The hottest year in history sees the election of a new president who questions climate science

Traffic on the 101 Freeway backs up on March 27, 2015, the second day of a heat wave. As 2016 closes, it is expected to beat 2015 for the hottest year in recorded history.
(Al Seib / Los Angeles Times)

Next month, the World Meteorological Organization is expected to declare 2016 the hottest year in recorded history — just as the United States prepares to inaugurate a president who questions whether climate change is real.

While the election of Donald Trump has stunned the world, record warmth no longer feels surprising.

After all, the current record was set only in 2015, breaking the record set in 2014. Not including 2016, the 16 warmest years since record-keeping began in 1880 have occurred since 1998. So goes climate change: another year, another ominous superlative.


The rising temperature is just one foreboding example of how climate change and other environmental issues rattled the world, and particularly the Western U.S., in 2016.

While the year began on a note of relative harmony after nearly 200 nations agreed to the landmark Paris climate accord at the end of 2015, it also brought an immediate reminder of division — the intransigent fight over public lands in the West.

On Jan. 2, Ammon and Ryan Bundy, claiming they were protesting land policies and the plight of two ranchers imprisoned for setting fire to federal land, led what became a 41-day armed standoff at the Malheur National Wildlife Refuge in eastern Oregon.

The standoff ended with one man killed by law enforcement and more than two dozen people arrested. In October, the story took a surprising turn when the Bundy brothers and five others were acquitted in federal court in Portland on conspiracy and weapons charges.

Fossil fuel industries faced challenges. The price of oil and gas stayed low most of the year, though nothing suffered like coal. Cities and Indian tribes along the West Coast fought off the construction of export terminals, while the bankruptcy of major coal companies raised questions about whether they would be able to fulfill their obligations to repair land they had mined.

Lots of ice melted. In the spring, a study found that, by the end of this century, sea levels could rise 6 feet or more if nothing is done to reduce carbon emissions — with much of the rise attributed to the melting of the West Antarctic ice sheet. By December, the focus was on the Arctic, where average sea ice had hit record lows and the mean high temperature neared 30 degrees above normal.

Drought continued in much of the West, and the federal Bureau of Reclamation did something it had never done: In August, it forecast a shortage of water on the Colorado River, which provides water to nearly 40 million people, including in California.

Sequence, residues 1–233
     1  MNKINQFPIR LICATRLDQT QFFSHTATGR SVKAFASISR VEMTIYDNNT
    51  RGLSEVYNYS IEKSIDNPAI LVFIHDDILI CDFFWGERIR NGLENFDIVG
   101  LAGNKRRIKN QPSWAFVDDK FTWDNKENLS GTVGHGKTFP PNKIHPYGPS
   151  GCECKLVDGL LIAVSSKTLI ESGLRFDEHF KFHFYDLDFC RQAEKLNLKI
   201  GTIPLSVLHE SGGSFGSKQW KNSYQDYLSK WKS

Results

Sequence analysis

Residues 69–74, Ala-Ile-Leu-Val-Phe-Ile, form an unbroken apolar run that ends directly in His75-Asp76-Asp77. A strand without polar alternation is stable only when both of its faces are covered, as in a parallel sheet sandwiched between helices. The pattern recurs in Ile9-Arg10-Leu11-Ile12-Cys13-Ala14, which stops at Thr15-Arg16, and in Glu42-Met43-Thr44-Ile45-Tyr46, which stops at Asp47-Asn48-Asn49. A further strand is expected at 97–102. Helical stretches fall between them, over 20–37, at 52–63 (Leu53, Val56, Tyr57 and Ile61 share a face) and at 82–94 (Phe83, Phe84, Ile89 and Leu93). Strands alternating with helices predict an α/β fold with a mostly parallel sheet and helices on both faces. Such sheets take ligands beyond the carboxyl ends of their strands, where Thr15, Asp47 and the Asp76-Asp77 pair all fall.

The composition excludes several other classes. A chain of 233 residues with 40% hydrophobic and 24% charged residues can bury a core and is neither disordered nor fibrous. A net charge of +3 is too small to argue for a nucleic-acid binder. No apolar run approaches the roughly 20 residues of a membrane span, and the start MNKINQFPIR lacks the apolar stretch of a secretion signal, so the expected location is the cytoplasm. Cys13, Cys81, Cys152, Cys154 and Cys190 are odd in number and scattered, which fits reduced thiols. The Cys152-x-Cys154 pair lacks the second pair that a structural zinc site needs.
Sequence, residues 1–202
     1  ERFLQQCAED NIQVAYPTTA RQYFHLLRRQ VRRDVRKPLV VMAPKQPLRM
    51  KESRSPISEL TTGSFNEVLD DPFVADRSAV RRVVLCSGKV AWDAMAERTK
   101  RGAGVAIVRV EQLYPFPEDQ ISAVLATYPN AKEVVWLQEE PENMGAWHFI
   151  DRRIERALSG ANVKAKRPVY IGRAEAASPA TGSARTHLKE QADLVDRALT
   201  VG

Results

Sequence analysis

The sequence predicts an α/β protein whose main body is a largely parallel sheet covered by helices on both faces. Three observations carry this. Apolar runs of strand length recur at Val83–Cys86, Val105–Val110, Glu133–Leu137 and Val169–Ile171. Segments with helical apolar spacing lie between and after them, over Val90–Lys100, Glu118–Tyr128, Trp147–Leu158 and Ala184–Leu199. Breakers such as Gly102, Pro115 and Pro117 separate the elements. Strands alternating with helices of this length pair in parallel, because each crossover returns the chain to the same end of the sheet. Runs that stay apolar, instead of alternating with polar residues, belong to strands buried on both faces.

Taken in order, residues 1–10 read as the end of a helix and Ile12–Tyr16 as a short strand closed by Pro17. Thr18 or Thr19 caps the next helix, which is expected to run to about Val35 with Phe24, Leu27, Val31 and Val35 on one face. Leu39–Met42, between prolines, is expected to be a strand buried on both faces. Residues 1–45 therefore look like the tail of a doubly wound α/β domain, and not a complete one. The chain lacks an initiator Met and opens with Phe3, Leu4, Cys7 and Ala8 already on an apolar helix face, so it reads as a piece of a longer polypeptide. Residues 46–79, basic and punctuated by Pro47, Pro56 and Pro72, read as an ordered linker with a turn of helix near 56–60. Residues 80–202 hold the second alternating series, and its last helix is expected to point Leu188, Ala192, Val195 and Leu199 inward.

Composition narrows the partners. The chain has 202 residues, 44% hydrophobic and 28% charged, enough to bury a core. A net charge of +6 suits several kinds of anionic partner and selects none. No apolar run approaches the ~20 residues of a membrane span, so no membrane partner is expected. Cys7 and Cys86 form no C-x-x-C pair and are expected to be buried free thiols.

The forecast did not apply until 2018, and the bureau later clarified that there was only about a 50-50 chance it would happen. Still, it underscored that the trendline is not good and added motivation for water managers who are trying to broker a new plan to conserve water in the river’s largest reservoir, Lake Mead.

The wildfire season in the West was not as bad as it was in 2015, but it had its moments in California and elsewhere — Alaska, in particular, burned wide and fierce. There was also the blaze that raced across much of northern Alberta, Canada, in May, forcing the chaotic evacuation of more than 80,000 people from the oil town of Fort McMurray. In October, scientists found that climate change had nearly doubled the acreage in the West that had been burned by wildfire in the last three decades.

By the end of the summer, a relatively little-known issue leapt into the headlines: the fight over the Dakota Access pipeline. Thousands of Native Americans and others joined the Standing Rock Sioux Indian tribe near their North Dakota reservation to protest the pipeline, which was slated to be constructed under a dammed section of the Missouri River from which the tribe gets its drinking water.

Violent encounters with law enforcement led to more than 400 arrests — and accusations of police brutality. In December, the U.S. Army Corps of Engineers thrilled protesters and infuriated the company building the pipeline by announcing that it would explore other routes for the project.

By that point, Trump had been elected, throwing into question the fate of the pipeline and much of the rest of the environmental legacy President Obama set out to create toward the end of his second term.

Trump has said he wants to “cancel” the Paris climate accord, which took legal effect in November, and that he wants to roll back environmental regulations, revive the coal industry and greatly expand oil and gas development. He named prominent climate change skeptics to top cabinet positions, including to lead the Environmental Protection Agency and the Department of Energy.

Meanwhile, Obama pressed forward with a flurry of new regulations and conservation measures, not all of which are likely to survive under his successor.

Since election day, the Obama administration has finalized a rule to reduce methane emissions from energy production, protected land in Montana from oil and gas production, limited gold exploration near Yellowstone National Park and, perhaps most notably, banned new offshore drilling activity in almost all of the Arctic and much of the Atlantic. This week, the president set aside more than 1.65 million acres of land in Utah and Nevada as national monuments.

There may be a bit of good news in 2017: Scientists say next year likely will not be quite as hot as 2016 because short-term factors like the El Niño weather pattern will not overlay long-term warming.

Twitter: @yardleyLAT


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